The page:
Featured News

Three Defensive Tips for Handling Debt Collection Calls

Most of us spend the majority of our lives paying bills. Every month, groceries, rent, utilities, and other expenses snatch up our hard-earned cash. If you have a fixed rate mortgage, you can expect to be paying off the loan for 15 or even 30 years. With so many bills over so many years, it’s easy to slip up and fall behind on a payment.

Over 8,000 debt collection agencies in the United States dedicate countless hours to finding debtors and retrieving the money they owe. Debt collectors use a variety of tactics communicate with debtors, but most commonly, collectors contact debtors through phone calls, sometimes making several phone calls a day.

Receiving a call (or many calls) from a debt collector can be frustrating and embarrassing. If you’re in a predicament with a debt collector, you may feel like changing your number or throwing your phone out the window on the interstate.

Don’t chuck your cell, and instead fix the situation fast to protect your financial standing. Try the following three tips to handle collections calls and manage debt quickly.

1. Know What Debt Collectors Can and Can’t Do

While debt collectors do have the legal right to contact you and request payment on a creditor’s behalf, there are many collections behaviors that are outlawed by the debt collection act. Debt collectors cannot:

  • Contact you before eight in the morning or nine at night
  • Use abusive language
  • Harass you with endless repeated calls, threats of violence, or by publishing your personal information
  • Pursue you for money you don’t owe
  • Come to your place of work
  • Claim to be an attorney or member of law enforcement
  • Threaten to sue unless they truly intend to take legal action

If the debt collector breaks any of the above laws, tell the person you’re aware of your rights and believe that the caller is in violation. Should the collector not stop the behavior, consider taking legal action to prevent further calls.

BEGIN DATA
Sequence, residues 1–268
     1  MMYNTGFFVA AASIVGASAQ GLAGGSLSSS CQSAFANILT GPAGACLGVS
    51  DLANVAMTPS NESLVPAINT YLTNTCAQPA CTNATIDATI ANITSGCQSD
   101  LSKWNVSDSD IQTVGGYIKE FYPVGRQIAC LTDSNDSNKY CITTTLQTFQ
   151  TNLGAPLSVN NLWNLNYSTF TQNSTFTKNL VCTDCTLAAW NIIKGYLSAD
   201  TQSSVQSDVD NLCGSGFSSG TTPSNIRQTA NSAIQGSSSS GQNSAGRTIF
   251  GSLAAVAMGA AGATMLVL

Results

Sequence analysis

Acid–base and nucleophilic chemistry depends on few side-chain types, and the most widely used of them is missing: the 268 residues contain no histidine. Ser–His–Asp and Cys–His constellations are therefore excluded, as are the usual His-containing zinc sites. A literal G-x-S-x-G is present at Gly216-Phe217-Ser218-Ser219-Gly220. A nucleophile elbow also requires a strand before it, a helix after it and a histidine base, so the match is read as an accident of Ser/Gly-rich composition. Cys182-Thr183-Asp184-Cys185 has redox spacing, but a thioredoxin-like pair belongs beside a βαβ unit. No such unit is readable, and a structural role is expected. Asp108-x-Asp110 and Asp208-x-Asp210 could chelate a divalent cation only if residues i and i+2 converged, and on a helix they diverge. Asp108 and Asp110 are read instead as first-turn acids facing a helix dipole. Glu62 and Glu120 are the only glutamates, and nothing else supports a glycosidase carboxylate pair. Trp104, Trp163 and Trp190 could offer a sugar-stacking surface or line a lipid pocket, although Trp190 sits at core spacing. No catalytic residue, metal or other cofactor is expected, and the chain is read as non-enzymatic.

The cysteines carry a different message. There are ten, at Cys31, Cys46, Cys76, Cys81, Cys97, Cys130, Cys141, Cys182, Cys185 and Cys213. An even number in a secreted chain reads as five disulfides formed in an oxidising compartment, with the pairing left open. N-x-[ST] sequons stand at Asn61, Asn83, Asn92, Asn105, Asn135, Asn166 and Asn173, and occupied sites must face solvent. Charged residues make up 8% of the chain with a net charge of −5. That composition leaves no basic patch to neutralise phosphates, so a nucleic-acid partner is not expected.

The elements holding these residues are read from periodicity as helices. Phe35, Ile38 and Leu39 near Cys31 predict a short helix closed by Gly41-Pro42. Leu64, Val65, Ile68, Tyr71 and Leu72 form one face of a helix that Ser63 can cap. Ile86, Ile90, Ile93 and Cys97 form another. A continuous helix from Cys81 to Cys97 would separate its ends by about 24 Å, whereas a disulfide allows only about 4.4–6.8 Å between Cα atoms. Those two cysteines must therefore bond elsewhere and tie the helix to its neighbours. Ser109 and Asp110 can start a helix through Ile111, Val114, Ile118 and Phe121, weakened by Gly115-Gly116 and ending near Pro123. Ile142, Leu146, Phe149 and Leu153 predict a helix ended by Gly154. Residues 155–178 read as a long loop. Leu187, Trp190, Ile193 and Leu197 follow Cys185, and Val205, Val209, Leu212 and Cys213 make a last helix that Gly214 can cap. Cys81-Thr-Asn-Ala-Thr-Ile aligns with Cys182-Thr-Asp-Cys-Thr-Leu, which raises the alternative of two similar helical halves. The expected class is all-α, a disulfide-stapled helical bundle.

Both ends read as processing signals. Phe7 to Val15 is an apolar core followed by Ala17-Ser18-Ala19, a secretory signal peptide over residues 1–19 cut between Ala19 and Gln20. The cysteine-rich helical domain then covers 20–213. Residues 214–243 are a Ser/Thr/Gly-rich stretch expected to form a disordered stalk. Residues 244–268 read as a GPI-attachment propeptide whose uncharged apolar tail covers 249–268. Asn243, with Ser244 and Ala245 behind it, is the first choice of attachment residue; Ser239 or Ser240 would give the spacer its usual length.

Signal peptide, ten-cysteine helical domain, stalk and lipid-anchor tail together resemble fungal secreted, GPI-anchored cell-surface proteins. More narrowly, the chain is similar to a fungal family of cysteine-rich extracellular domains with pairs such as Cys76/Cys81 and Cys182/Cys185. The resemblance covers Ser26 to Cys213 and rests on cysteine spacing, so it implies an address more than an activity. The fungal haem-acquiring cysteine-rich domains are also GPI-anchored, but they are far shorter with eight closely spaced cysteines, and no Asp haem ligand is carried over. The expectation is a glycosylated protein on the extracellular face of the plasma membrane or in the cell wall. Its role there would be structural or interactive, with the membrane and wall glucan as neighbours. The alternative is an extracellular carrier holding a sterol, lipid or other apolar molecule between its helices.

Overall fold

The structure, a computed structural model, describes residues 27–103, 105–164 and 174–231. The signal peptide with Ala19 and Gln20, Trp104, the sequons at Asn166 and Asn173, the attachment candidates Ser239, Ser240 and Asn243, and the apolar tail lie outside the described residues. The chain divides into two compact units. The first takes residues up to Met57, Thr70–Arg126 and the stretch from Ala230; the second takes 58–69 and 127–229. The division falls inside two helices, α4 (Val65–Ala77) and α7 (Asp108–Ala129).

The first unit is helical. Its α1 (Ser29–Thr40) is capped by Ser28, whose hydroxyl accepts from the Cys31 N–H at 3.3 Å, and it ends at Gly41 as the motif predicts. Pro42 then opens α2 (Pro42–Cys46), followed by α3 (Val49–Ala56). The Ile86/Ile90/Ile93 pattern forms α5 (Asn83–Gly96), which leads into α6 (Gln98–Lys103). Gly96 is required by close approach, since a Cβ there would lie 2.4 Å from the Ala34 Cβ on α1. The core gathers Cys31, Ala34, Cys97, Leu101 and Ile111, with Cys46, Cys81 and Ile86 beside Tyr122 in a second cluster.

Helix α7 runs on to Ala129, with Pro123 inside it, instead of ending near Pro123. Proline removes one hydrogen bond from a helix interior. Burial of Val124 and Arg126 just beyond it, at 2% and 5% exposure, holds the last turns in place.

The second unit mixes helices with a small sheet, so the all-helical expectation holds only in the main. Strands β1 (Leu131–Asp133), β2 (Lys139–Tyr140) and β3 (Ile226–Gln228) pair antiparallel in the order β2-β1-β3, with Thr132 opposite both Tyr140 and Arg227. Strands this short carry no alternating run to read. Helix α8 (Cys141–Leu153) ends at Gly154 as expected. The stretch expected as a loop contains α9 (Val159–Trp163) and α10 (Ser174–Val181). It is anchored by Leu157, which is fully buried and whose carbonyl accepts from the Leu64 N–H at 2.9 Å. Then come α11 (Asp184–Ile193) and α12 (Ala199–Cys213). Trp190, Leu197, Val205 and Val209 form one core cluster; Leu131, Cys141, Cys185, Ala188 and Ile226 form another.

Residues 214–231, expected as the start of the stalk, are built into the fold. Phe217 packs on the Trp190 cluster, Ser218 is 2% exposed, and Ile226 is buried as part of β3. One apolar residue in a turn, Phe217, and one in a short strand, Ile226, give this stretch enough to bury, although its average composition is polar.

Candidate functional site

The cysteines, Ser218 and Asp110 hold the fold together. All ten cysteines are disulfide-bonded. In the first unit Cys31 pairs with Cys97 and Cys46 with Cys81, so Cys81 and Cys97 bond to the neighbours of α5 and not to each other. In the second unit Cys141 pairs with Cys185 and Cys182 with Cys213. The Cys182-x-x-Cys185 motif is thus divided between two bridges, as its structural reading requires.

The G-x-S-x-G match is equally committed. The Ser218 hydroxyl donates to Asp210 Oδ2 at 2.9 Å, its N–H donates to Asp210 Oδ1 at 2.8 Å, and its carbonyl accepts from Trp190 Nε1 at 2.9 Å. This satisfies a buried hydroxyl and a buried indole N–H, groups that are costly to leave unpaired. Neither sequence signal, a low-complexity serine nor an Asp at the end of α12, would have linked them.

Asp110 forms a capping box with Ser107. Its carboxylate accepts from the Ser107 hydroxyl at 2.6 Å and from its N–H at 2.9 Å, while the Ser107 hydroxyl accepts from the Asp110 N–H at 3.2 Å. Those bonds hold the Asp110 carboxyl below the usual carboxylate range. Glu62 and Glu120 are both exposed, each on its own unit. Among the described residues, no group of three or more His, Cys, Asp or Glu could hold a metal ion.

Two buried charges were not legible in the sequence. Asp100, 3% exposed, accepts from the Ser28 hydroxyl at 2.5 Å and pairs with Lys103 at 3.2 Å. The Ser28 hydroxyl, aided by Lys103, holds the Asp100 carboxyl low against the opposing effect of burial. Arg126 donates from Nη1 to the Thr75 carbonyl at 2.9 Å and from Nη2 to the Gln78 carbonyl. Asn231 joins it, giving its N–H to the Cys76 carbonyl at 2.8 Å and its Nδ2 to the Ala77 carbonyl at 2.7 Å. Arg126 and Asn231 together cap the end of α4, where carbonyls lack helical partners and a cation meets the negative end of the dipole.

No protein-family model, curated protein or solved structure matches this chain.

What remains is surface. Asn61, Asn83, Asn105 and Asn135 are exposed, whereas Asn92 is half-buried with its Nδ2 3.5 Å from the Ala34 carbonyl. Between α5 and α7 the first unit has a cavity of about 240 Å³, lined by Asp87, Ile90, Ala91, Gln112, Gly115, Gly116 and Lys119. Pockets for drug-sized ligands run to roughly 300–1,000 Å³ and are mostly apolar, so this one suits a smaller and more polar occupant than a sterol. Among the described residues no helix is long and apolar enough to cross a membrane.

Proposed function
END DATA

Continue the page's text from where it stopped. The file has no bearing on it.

2. Gather the Facts Before Agreeing to Pay Any Amount

If the debt collector is staying within legal limits, don’t automatically agree to pay whatever amount they request during the initial contact. Instead, take time to ensure that you both have the facts straight. Ask to have proof of the debt sent to you in writing. Keep notes during phone conversations and keep records of all messages you receive. In many cases, debt collectors make mistakes with accounts, and you want to be absolutely certain that you’re paying debt you actually owe, and not someone else’s.

3. Don’t Be Afraid to Negotiate

Finally, don’t be afraid to make deals with the debt collector once you’ve determined the debt is accurate. Bankrate.com recommends asking for a pay-for-deletion deal, where you agree to pay the full amount for a forgotten bill if the collector deletes the collection account from your credit report. Remember to always get deals in writing before sending payment, and to only pay with cashier’s checks so that collectors don’t have access to your bank account information.

Preventing Collections Calls

Obviously, the best way to avoid contact from debt collectors is to avoid debt in the first place. Keep a close watch on your credit cards in particular– it’s easy to slip up when you’re managing multiple accounts with many small payments. FICO recommends keeping your credit utilization ratio under than 30% of your original credit limit to better manage credit card debt. Whenever possible, use cash for purchases, and avoid using more than two credit cards at a time.

Calls from debt collectors can be upsetting, to say the least. However, you have more options than you may think. Know your rights and learn these strategies for handling collections phone calls with defensive shrewdness. With planning and research, you can ensure that your mood and your finances aren’t ruined by pushy debt collectors.